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#133158 06/13/02 05:34 AM
Joined: Mar 2001
Posts: 118
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Member
The system here in New Zealand is a M.E.N system or Multiple Earth Neutral, standard low voltage is 230v/400v, polyphase,.

Our transmission is in the form of 220 or 110 KV for transmission, stepped to 33KV for distribution then 11KV at supply subs, 400v to roadside.

All installations have a driven earth rod or bare copper where required. And a return to the supply transformer called a "Neutral cable" , the center point of the "Star" ( I think some call these "Wye") transformer is also referenced to earth.

When wiring an installation we don’t use a ringmain i think they have in the UK, Instead a radial feed from the distribution board. With say 5-6 outlets (doubles) normally this would be run in 2.5mm2 TPS but 1.5mm2 would be suitable if cable run is kept short, fused by a 20 Amp MCB. RCD protection is not mandatory (YET) unless run out doors or in a require zone these must operate at, (Let me get this right) 30mA within 300 ms for personal protection.
Minimum earthing conductor size is 4mm2 and 16mm2 for works.
There is lot else no doubt, if you are interested let me know,
nice to see you all again
Craig :-)

#133159 06/13/02 05:48 AM
Joined: Oct 2000
Posts: 5,392
S
Member
~Good to hear from you Craig~

RCD @ 30 ma?, sounds like our GFPE

(Ground Fault Protection of Equipment)

#133160 06/13/02 06:31 AM
Joined: Mar 2001
Posts: 118
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Member
RCD - residual current device.
GFI - ground fault interrupter
RCCB - residual current circuit-breaker
CBELCB - core balance earth leakage circuit breaker.
all pages in the same book i reckon, should be set to trip for an out of balance current of no more than 30 mA on this side of the pacific anyways

Cheers Craig

#133161 06/13/02 10:50 AM
Joined: Apr 2002
Posts: 2,527
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O App-- In your area, what is the smallest customer that can get 400Y in their home/business?

#133162 06/13/02 01:52 PM
Joined: Aug 2001
Posts: 7,520
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Hi Craig,

Thanks for posting the info.

It sounds as though your MEN system is equivalent to the British PME (Protective Multiple Earthing) arrangement.

Does every house have its earth bonded to the incoming neutral, or do you have other grounding/earthing systems in use as in the U.K.?

The 30mA RCD/GFI setting is common here now as well, although 100mA is also still available and installed in some cases. Do you have "split-load" panels so that some circuits can share a GFI?

TPS [Linked Image] Tough Plastic Sheath???

#133163 06/14/02 03:12 AM
Joined: Mar 2001
Posts: 118
O
Member
"In your area, what is the smallest customer that can get 400Y in their home/business"

This could be requested by a house owner, there is no minimum size, indeed is part of the work we find ourselves doing more often, People are more inclined to have small workshops at home etc.. or heated pools, and Spa's quite common - But not Cheap!

"Does every house have its earth bonded to the incoming neutral, or do you have other grounding/earthing systems in use as in the U.K.?"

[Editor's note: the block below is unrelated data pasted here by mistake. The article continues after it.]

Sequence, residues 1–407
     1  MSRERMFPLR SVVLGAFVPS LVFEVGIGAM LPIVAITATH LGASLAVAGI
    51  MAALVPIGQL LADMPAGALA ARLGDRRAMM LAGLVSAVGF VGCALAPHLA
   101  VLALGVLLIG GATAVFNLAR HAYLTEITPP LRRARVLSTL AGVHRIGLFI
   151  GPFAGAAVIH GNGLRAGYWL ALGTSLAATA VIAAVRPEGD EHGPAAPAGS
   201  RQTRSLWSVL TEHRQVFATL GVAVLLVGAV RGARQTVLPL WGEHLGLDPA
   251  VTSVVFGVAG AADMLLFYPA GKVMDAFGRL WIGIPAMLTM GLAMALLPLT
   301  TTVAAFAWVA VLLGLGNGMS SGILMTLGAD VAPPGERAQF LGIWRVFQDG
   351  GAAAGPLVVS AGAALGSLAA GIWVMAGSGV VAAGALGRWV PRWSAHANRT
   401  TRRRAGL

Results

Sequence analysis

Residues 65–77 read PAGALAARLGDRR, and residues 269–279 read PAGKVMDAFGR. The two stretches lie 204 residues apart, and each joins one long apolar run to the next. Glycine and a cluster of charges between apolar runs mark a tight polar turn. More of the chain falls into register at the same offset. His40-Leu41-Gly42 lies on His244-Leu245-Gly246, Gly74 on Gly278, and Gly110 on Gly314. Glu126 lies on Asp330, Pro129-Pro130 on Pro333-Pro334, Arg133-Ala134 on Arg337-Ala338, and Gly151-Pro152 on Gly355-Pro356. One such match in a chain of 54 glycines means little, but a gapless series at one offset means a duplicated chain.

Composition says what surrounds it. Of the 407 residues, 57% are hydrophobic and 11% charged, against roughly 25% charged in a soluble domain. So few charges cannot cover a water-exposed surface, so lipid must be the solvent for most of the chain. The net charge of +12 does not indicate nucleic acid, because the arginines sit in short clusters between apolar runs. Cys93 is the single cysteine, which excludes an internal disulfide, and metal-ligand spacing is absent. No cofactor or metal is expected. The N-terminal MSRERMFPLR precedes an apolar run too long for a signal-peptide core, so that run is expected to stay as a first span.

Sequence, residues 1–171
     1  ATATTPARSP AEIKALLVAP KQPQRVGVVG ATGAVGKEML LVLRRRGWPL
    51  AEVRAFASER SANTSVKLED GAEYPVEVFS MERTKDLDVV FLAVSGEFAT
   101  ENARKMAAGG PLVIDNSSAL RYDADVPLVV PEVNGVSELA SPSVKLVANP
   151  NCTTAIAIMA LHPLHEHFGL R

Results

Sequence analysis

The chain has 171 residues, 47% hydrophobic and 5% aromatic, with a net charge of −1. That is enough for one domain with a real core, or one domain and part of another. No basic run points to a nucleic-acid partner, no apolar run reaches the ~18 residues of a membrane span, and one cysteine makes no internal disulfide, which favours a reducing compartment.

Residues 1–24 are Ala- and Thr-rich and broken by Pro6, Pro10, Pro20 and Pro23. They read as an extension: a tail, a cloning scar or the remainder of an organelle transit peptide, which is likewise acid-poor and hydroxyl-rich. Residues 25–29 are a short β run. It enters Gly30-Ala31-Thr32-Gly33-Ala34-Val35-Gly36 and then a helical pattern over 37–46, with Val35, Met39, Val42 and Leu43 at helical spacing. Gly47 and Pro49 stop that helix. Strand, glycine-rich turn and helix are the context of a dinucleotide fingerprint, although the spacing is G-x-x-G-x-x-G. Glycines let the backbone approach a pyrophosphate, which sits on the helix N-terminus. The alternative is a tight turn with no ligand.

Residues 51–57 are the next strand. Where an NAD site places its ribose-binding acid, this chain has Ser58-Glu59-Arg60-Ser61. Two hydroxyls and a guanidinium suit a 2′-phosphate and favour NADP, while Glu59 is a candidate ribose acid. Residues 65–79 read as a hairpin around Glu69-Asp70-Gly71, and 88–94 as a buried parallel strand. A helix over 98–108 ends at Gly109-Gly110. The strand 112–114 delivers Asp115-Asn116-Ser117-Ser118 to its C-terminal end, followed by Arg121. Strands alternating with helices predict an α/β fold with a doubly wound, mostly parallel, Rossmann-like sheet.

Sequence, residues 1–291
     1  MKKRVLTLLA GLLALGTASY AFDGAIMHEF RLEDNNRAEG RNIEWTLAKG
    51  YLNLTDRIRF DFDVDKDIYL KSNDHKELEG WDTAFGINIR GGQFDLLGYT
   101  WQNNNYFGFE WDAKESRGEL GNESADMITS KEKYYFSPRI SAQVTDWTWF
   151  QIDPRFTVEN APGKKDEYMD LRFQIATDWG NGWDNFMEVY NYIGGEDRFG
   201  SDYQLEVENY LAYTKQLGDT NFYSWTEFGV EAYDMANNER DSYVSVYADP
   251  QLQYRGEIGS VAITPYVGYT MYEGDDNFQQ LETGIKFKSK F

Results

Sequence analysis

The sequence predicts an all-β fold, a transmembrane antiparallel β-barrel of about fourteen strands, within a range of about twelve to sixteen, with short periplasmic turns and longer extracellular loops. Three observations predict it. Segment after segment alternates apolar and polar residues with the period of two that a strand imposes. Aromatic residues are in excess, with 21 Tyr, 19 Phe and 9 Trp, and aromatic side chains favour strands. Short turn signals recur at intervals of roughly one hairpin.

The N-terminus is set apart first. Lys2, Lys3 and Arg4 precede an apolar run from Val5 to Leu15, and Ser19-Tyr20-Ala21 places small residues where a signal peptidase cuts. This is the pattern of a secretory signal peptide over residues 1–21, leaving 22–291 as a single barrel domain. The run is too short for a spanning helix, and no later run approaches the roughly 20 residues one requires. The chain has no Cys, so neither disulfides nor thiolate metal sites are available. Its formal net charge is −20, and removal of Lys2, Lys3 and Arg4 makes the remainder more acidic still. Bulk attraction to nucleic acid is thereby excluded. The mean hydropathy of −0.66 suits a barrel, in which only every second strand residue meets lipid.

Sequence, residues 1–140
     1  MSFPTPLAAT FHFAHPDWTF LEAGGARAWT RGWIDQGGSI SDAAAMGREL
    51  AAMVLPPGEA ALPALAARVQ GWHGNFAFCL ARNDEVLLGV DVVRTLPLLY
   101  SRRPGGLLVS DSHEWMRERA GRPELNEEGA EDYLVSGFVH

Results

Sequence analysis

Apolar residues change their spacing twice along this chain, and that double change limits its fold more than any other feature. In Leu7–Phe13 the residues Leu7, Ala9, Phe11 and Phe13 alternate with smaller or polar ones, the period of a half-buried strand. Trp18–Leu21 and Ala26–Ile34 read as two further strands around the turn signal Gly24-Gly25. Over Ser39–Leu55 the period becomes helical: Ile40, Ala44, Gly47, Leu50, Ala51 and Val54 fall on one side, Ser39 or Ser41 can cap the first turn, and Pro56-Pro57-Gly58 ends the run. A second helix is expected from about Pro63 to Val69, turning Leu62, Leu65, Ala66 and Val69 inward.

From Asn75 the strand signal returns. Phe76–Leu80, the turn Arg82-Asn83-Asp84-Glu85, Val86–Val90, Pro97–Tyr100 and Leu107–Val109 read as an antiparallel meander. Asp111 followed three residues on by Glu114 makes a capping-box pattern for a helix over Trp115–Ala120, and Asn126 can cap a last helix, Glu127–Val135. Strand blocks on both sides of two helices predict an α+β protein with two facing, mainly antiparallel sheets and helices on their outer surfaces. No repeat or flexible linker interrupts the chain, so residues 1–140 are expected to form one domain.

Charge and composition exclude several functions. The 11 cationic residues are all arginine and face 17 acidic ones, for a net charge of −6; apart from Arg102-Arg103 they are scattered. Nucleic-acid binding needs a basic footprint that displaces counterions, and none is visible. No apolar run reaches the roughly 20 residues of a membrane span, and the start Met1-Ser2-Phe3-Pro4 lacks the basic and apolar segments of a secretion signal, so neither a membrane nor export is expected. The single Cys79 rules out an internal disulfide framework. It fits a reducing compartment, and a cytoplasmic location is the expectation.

Yes every seperate installation has a removable link in the switchboard between E and N, other boards feed from that board may or may not depending on what type they are. Also the Neutral point is tied to earth at the transformer.

"Do you have "split-load" panels so that some circuits can share a GFI?"
hmmm im not sure what you mean on with one, but normally the RCDS would only feed the one circuit i.e. A run form the board bathroom Laundry etc any damp area where extra protection maybe prudent. possibly a PP outside for waterblaster etc as long as there werent too many or the run was to far.

Hope that helped
Cheers Craig

#133164 06/14/02 04:37 AM
Joined: Aug 2001
Posts: 7,520
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The split-load boards here are often installed now with a PME or other solidly grounded system. There's a D.P. main switch feeding a small busbar from which are tapped MCBs for lighting and sometimes other equipment. That busbar also feeds into a large (e.g. 80A, 30mA) RCD which feeds a second busbar from which are tapped MCBs for the other circuits.

The idea is that the RCD/GFI provides added protection for wall outlets etc., but the lights will stay on if it trips. More of a problem with a local-ground system as this would need two RCDs and would start getting expensive.

Do you run separate branch circuits for lights in NZ?

#133165 06/14/02 05:22 AM
Joined: Mar 2001
Posts: 118
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Member
"Do you run separate branch circuits for lights in NZ?"
Yes all installations require at least 2 light circuits (within reason) Many require more than 2, Same principal as power outlets,
although normally wired in 1mm2 for a res. and minimum 1.5mm2 for commercial installations, as long as total load on conductors is within specifications.

Cheers Craig

#133166 06/15/02 06:03 PM
Joined: Aug 2001
Posts: 7,520
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Being the now standardized metric cable sizes, that sounds pretty much the same as the U.K. 5 or 6A lighting circuits can be on 1 or 1.5 sq mm cables. Many smaller old properties have only one lighting circuit, although two is the norm now that people have more in the way of wall lights, porch lights, etc. Most of Continental Europe specifies 1.5 sq. mm as the minimum cable size though.

Do you know when NZ adopted metric size cables?

#133167 06/17/02 05:45 AM
Joined: Mar 2001
Posts: 118
O
Member
Can't help with that, Has been awhile i would imagine.

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